Austerity Games can still be a triumph
WHEN London last hosted the Olympic games, it was 1948. The Allies had won the war, but Britain’s rewards were still to come: food was still rationed; the capital’s streets looked like rows of broken teeth (post-war construction was but a dream); and there was quite simply no cash at all to spend on stadiums or infrastructure. When the cycling competition at Herne Hill velodrome ran into the evening, locals had to park their cars outside and put their headlamps on full beam, as the organising committee had been unable to afford a set of floodlights.
As the capital gears up for the 2012 games, the chill winds of austerity are upon us yet again. The aftermath of the global financial crisis can’t be compared to that of World War Two, but you should try telling that to the terrified mandarins running around Whitehall; they have been asked to cut public spending by up to 40 per cent in real terms – the biggest fiscal squeeze in Britain’s peacetime history. Quite what these swingeing cuts mean for the £9.3bn Olympics budget will remain unclear until the Autumn, when the Treasury must unveil a comprehensive spending review that will spell out exactly which projects are to be axed. Still, the department of media culture and sport (DCMS), which is responsible for providing the £6bn or so of central government funding, hasn’t been offered any shelter from cuts.
Although the official line is “wait and see”, aides to culture secretary Jeremy Hunt think that it could be too late to start clawing money back from the Olympics budget. One DCMS official told City A.M. that a lot of the money has already been spent: “The contracts have been signed, the stadium is pretty much built – we’re very nearly there”. Instead, it looks like the name of the game could be ensuring the budget – which has soared from £2.35bn when London won the games – doesn’t swell any further. If specific projects over-shoot, as is the case for the aquatics centre, savings will have to be found elsewhere.
To its credit, the Olympic Development Agency, which is responsible for spending the lion’s share of the funding, has already said it will deliver £27m of in-year savings for 2010-11. However, critics argue that it is unfair to make the Olympics a sacred cow, especially if public services are slashed and burned. Similarly, DCMS will have to make even deeper cuts elsewhere if the Olympics do emerge from the comprehensive spending review: those with vested interests in the arts say that theatre, visual art and British film might never recover.
Advocates of another austerity Olympics should take heart from the fact that London’s
games are costing less than half of those in Beijing. However, that’s forgetting the fact that a billion quid buys you much more in China, with its low-wage workforce and lax planning laws. Still, even with the huge cost, China claims to have turned a profit of around $16m on its Olympics investment.
London Mayor Boris Johnson characteristically uses Latin to describe his approach to the games: “Citius, Altius, Fortius, sed non carius” (for the 99.9 per cent of us that don’t speak the ancient language, this means “Faster, Higher, Stronger, but not more expensive”). The “not more expensive” part is key: Boris doesn’t want the cost to increase, but he’ll fight tooth and nail to stop proper cuts. “The progress that is being made in the Olympic Park is extremely impressive, coming in on time and on budget,” he told us. “So much so that if we needed or wanted to we could even bring the Games forward a year and catch our competitors off guard.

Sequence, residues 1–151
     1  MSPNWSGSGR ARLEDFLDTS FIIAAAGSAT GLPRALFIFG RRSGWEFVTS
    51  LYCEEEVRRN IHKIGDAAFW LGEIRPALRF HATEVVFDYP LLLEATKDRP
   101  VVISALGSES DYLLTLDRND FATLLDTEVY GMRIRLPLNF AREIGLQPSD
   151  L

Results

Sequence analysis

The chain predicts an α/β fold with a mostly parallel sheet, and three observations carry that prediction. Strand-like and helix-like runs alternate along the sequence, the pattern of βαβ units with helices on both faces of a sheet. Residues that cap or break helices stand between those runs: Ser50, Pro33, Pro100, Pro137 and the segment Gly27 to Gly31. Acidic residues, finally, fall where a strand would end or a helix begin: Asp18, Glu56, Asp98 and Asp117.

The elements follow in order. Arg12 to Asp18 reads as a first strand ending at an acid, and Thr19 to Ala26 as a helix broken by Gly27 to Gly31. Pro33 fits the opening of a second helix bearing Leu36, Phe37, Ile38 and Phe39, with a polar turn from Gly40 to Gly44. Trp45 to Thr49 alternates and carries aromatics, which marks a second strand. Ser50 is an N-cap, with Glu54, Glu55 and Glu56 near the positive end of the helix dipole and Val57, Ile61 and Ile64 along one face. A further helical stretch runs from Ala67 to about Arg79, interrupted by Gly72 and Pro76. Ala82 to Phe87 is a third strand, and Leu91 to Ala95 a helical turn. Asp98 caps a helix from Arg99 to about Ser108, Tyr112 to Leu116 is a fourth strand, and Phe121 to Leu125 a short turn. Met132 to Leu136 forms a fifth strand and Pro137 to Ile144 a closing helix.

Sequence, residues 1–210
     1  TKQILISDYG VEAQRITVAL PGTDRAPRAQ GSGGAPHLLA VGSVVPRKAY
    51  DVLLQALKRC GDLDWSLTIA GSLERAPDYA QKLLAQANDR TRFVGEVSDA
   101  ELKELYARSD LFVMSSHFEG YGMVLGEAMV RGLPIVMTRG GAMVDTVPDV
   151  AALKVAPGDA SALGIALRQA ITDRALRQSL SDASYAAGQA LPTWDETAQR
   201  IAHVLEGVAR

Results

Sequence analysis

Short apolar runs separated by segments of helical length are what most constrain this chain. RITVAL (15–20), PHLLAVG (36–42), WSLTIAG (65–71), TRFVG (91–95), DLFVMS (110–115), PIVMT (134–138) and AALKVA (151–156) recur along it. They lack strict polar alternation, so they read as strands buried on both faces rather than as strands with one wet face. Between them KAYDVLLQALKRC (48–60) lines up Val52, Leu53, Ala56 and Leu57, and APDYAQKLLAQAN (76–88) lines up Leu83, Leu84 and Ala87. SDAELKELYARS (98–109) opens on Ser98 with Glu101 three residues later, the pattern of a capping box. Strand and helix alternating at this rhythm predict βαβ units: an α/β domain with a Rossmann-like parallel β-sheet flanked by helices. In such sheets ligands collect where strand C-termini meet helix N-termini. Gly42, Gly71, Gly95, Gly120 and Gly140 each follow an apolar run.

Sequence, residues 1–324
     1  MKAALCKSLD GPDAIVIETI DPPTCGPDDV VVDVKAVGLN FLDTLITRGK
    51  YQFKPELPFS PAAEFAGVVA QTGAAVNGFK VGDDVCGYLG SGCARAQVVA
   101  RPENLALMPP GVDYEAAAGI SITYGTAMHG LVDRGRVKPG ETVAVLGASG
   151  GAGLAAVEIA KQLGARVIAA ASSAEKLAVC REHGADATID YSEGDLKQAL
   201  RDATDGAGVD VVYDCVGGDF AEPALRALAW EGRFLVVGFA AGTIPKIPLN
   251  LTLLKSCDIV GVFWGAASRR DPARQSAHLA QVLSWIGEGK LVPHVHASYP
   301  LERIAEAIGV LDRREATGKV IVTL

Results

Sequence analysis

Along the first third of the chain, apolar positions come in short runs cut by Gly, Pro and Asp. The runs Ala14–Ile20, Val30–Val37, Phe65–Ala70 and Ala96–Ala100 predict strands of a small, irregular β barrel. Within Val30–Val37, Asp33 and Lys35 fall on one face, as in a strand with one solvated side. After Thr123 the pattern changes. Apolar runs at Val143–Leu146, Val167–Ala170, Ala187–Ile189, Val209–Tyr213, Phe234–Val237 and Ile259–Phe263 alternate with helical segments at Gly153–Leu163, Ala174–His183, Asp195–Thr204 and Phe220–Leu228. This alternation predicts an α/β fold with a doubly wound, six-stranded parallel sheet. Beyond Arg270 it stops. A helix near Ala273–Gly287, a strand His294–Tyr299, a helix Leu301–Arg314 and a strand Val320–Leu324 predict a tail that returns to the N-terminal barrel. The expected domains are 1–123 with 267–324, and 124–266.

“A great deal of hard work is being carried out to ensure savings have already been made and it would be a mistake to take too much money out of the Olympic budget now, only to be forced to put more back in closer to the Games. Equally I am completely committed to the regeneration legacy in East London and it would be a false economy to short-change the planned investment in this.”
One sticking point could be the £1bn contingency that the ODA has to play with. City Hall sources are worried that Hunt could cut the budget by this amount to satisfy the Treasury’s appetite for immediate savings, but Boris is adamant that the cushion is needed to absorb any unforeseen shocks. “Don’t touch the contingency,” an aide to the Mayor said. “We can’t say where we’re going to be at the end.” Of course, any savings the ODA does make will probably be returned to government coffers after 2012, although that could be too late for the coalition, which wants to make a significant amount of cuts now so it can reduce taxes in the run up to the 2015 election (that’s assuming the Con-Lib coalition lasts that long).
There is also concern over spending that exists outside the Olympics budget, which many
see as integral to its success. Upgrades to the Tube network need to go ahead and the
Crossrail project must be built, City Hall says, if the Games are to run smoothly. Meanwhile, funding to help British athletes, which is doled out by Sport England and UK Sport, is an ideal candidate for the chop when Treasury officials start swinging the axe.
It’s oh-so British to complain about the Olympics – the cost, the disruption – and things are unlikely to change when swarms of tourists descend on the capital. Still, it’s important to remember the circumstances under which we won the games: shortly after London’s bid emerged victorious, jihadist terrorists unleashed terror on the London Underground. In many ways, that makes the 2012 games a lasting testament of the capital’s ability to pick itself up and carry on regardless, to survive that assault on its way of life. It might have to be done with less cash but, as proved in 1948, it can be done.